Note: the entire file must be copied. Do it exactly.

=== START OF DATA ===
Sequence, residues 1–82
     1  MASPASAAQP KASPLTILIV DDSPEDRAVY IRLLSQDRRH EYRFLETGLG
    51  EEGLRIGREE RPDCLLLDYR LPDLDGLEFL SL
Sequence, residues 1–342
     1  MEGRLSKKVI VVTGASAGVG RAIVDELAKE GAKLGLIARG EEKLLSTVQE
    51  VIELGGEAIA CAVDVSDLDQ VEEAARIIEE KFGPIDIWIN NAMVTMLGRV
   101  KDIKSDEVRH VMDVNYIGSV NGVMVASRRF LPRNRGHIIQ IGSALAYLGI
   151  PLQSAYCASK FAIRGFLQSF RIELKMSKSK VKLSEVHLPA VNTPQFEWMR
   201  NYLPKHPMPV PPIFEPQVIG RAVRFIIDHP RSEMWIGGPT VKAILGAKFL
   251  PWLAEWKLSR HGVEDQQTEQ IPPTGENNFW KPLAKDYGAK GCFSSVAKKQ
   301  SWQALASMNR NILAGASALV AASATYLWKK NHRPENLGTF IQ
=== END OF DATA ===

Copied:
Sequence, residues 1–82
     1  MASPASAAQP KASPLTILIV DDSPEDRAVY IRLLSQDRRH EYRFLETGLG
    51  EEGLRIGREE RPDCLLLDYR LPDLDGLEFL SL
Sequence, residues 1–342
     1  MEGRLSKKVI VVTGASAGVG RAIVDELAKE GAKLGLIARG EEKLLSTVQE
    51  VIELGGEAIA CAVDVSDLDQ VEEAARIIEE KFGPIDIWIN NAMVTMLGRV
   101  KDIKSDEVRH VMDVNYIGSV NGVMVASRRF LPRNRGHIIQ IGSALAYLGI
   151  PLQSAYCASK FAIRGFLQSF RIELKMSKSK VKLSEVHLPA VNTPQFEWMR
   201  NYLPKHPMPV PPIFEPQVIG RAVRFIIDHP RSEMWIGGPT VKAILGAKFL
   251  PWLAEWKLSR HGVEDQQTEQ IPPTGENNFW KPLAKDYGAK GCFSSVAKKQ
   301  SWQALASMNR NILAGASALV AASATYLWKK NHRPENLGTF IQ